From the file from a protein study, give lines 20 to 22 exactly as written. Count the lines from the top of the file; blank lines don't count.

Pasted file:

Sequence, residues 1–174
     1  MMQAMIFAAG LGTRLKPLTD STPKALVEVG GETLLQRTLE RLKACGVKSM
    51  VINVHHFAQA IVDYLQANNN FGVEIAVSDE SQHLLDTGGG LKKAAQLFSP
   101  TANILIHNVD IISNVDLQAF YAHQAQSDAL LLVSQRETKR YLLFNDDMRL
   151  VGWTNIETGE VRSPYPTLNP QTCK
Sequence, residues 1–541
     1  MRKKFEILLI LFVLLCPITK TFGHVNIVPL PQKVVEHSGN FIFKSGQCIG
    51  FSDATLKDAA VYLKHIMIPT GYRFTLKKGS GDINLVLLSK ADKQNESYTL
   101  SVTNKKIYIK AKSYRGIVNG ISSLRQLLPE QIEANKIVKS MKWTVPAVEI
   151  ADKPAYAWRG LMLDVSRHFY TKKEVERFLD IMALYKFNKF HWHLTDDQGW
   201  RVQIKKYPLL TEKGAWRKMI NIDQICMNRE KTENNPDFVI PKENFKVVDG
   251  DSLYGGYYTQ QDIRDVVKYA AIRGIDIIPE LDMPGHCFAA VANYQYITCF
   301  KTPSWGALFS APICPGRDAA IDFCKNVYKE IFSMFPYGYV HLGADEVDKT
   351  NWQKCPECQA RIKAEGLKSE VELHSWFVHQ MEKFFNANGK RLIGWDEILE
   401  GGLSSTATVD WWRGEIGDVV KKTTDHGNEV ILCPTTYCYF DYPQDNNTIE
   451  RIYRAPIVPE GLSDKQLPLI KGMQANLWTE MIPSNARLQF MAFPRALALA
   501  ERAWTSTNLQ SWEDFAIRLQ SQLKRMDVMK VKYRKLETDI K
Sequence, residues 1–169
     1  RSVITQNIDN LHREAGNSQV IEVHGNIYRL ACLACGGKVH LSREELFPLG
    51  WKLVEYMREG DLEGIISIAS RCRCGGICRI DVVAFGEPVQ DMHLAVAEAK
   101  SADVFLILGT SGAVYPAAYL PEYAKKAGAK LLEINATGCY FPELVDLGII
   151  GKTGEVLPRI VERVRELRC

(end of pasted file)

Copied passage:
    51  WKLVEYMREG DLEGIISIAS RCRCGGICRI DVVAFGEPVQ DMHLAVAEAK
   101  SADVFLILGT SGAVYPAAYL PEYAKKAGAK LLEINATGCY FPELVDLGII
   151  GKTGEVLPRI VERVRELRC